How can the BBC be expected to report impartially on the self-employed work scams of the Work Program providors when it was directly involved in similar scams itself?

    Why does the telling question never get asked like "Why are we spending so much money on work programs when there is far more less jobs available than unemployed people. Why blame the unemployed when the problem is lack of jobs?"

    1. I'd agree to an extent, although there's a risk of invoking the lump of labour fallacy - that there is a finite number of jobs that exists more or less independently of external factors. A form of this is used (and I'm not for a second saying you are doing or would do this) as part of the argument against immigration, which overlooks the fact that the unemployed (or, in the case of immigration, immigrants) will, if employed or (gainfully) self-employed generate demand of their own.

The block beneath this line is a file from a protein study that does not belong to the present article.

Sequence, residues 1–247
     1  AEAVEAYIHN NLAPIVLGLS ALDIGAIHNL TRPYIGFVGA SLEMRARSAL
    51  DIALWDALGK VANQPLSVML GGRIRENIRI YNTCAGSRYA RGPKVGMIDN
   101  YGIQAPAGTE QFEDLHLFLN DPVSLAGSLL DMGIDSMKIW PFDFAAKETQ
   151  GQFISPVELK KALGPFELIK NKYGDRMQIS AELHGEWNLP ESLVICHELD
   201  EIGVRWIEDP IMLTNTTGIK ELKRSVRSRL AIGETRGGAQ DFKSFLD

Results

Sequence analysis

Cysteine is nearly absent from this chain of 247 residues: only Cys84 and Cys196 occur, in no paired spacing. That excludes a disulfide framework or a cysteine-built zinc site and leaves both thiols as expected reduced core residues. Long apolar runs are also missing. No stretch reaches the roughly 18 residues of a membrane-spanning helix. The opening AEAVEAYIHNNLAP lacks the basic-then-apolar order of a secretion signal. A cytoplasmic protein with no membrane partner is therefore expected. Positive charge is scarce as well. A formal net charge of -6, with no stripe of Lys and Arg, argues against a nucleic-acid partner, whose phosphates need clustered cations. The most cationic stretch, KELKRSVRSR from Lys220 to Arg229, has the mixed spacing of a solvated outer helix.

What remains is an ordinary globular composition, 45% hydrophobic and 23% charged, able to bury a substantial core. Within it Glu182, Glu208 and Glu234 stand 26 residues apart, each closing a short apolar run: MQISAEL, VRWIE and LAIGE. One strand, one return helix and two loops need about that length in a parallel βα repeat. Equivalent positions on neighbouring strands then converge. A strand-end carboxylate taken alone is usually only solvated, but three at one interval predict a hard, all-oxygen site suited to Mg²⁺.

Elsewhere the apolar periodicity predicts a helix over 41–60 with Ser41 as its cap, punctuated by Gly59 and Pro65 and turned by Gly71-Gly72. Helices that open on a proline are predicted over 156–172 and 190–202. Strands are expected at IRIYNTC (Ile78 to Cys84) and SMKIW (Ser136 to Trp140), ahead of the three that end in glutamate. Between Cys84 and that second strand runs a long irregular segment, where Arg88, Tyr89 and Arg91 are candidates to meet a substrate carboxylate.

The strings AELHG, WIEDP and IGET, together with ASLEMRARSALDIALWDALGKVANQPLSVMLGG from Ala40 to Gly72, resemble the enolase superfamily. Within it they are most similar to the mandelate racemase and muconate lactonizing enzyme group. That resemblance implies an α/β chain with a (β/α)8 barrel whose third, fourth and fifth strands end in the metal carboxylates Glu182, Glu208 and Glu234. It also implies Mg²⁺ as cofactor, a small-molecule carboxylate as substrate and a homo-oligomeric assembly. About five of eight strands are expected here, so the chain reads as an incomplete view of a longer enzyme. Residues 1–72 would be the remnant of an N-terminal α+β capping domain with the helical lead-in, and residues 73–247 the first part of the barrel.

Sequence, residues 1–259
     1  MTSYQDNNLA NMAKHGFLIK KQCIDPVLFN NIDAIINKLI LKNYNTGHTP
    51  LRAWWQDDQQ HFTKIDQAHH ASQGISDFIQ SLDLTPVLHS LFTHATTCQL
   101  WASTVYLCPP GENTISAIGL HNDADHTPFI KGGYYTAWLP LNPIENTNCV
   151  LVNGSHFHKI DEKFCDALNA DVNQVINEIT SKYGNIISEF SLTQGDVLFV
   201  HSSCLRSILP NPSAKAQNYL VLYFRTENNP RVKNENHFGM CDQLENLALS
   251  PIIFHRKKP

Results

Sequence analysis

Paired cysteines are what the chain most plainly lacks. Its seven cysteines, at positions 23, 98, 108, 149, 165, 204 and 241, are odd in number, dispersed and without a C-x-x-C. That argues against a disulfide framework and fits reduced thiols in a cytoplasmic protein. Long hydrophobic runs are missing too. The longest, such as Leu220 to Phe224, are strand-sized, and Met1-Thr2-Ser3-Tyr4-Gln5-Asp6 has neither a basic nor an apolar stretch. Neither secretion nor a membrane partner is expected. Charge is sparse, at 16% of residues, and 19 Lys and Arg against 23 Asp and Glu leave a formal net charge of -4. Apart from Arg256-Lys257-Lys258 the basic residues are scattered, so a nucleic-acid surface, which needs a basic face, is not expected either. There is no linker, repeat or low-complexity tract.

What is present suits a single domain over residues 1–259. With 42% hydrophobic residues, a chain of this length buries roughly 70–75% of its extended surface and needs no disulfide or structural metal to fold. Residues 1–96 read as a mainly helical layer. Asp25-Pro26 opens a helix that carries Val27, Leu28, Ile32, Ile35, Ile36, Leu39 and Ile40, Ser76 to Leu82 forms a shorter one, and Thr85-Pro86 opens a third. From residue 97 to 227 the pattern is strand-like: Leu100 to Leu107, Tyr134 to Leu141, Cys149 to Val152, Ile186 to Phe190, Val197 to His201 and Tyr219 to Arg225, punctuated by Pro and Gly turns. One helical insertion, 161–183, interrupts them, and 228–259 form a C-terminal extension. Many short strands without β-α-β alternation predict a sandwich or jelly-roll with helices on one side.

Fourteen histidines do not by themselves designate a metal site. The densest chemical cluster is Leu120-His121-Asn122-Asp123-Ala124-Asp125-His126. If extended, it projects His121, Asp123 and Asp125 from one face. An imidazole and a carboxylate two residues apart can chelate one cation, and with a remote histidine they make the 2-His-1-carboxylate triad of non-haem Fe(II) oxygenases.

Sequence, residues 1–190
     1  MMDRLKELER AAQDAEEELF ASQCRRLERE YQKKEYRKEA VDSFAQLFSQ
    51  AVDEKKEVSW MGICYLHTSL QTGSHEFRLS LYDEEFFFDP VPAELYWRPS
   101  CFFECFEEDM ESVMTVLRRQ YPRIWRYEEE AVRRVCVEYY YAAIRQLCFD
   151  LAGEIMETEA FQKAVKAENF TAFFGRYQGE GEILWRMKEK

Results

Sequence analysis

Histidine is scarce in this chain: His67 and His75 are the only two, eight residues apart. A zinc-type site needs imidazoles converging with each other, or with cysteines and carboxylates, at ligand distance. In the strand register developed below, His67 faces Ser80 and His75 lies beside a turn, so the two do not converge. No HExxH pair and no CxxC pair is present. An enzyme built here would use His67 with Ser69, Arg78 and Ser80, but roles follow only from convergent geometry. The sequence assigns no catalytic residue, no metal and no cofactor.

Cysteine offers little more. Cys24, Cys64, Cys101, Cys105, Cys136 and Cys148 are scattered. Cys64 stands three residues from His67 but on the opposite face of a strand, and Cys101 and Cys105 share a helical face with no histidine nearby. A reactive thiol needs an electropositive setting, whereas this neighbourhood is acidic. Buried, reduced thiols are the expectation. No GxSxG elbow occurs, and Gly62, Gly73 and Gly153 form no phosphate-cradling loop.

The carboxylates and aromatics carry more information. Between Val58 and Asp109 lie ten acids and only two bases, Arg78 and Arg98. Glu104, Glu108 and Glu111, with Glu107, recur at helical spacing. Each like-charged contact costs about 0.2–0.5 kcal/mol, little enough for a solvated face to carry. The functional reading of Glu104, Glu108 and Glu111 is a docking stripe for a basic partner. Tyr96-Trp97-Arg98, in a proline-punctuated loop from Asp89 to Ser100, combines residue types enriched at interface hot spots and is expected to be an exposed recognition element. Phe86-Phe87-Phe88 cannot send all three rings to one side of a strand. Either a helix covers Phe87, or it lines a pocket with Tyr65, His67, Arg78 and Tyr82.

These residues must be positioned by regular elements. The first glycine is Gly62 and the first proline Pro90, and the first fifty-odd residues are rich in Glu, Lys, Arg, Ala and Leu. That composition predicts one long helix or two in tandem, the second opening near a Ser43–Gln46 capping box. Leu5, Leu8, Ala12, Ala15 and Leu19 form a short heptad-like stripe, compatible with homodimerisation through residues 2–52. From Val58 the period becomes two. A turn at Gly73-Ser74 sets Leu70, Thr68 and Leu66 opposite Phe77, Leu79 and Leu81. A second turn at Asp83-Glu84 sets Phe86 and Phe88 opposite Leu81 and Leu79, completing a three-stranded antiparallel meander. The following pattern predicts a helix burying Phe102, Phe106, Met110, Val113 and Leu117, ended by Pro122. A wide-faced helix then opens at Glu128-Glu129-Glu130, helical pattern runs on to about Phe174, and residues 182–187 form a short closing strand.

For example, large numbers of people finding work or starting viable, profitable businesses in a particular locality would make them more economically active and have a demand-side effect - they'd become bigger purchasers and consumers, and local businesses would grow or start up in order to meet their needs. They'd also make increased tax payments, would place a lower demand on social security and so on. In short, everyone potentially wins.

      That's a very long way of saying that one of the questions that key current and future interventions designed like the Work Programme must be able to provide an answer to is whether or not it's the most effective use of the money spent. The Work Programme has employed the people delivering it and probably resulted in a very modest increase in job outcomes, at least for some groups, so it meets some of the criteria for usefulness, although its overall ineffectiveness, the potential for money to be sucked out to shareholders (although I suspect limited profits have been made so far) and the unplanned approach to it mean that any potential benefit will have been reduced.